Loading

After his defeat in 1888, Grover Cleveland's presidential career was by no means over. Four years later, the electorate returned him to the White House. But Cleveland might have been better off remaining in retirement. By early 1893 the country was entering a deep economic depression, and whatever he did to meet various phases of that crisis seemed only to alienate his supporters. During the final year of his presidency, Cleveland suffered the ultimate humiliation of being an outcast within the party he had once led.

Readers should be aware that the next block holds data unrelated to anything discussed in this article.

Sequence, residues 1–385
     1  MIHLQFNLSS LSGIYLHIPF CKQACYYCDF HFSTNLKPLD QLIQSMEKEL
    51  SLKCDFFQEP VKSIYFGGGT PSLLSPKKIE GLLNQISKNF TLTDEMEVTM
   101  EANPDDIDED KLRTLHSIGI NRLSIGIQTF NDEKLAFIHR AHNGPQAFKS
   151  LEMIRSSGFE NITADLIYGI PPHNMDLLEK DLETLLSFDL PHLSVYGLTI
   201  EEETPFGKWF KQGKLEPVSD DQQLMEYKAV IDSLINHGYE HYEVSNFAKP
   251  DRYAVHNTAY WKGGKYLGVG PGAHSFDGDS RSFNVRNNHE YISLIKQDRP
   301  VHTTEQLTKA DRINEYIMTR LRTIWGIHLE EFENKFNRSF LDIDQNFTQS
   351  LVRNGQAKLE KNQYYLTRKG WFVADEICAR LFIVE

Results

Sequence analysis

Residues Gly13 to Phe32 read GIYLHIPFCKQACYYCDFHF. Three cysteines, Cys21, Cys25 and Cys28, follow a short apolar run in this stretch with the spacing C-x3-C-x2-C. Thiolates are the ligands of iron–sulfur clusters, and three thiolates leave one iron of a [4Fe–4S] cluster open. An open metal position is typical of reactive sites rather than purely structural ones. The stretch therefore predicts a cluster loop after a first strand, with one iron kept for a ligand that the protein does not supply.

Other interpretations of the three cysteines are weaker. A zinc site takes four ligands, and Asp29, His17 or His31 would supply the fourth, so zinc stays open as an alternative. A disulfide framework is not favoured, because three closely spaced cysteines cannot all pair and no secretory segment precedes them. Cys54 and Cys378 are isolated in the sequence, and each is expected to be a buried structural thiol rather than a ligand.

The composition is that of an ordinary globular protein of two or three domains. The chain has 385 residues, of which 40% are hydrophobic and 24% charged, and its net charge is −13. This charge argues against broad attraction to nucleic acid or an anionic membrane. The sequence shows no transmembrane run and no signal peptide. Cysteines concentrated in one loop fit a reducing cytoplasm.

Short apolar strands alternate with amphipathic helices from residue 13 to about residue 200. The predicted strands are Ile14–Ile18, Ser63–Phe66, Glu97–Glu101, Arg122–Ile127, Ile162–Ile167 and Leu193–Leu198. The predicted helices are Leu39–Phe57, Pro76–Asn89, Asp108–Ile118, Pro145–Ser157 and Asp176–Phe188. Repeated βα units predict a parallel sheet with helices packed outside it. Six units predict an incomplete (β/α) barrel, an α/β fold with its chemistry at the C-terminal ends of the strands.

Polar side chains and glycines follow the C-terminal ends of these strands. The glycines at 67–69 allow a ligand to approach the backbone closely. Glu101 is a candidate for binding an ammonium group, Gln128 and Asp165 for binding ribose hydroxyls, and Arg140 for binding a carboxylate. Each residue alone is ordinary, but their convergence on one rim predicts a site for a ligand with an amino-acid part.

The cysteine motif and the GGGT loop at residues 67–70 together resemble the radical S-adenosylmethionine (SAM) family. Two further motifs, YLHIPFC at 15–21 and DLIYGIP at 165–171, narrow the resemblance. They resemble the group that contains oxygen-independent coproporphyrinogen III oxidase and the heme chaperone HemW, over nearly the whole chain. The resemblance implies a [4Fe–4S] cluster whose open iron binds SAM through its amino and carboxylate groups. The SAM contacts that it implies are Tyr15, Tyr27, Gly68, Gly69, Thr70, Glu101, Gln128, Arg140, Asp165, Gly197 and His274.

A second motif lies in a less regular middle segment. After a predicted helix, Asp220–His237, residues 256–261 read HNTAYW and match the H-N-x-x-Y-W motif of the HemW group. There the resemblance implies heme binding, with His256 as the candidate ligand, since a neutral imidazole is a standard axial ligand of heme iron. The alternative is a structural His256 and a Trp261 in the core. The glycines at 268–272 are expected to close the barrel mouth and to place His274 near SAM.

The painter of this portrait, Swedish artist Anders Zorn, drew his loose brushwork and preference for natural lighting from French impressionism. Cleveland was quite pleased with Zorn's likeness, declaring to a correspondent, "As for my ugly mug, I think the artist has 'struck it off' in great shape."

Details

Get the app

Explore museums and play with Art Transfer, Pocket Galleries, Art Selfie, and more

Recommended

Google apps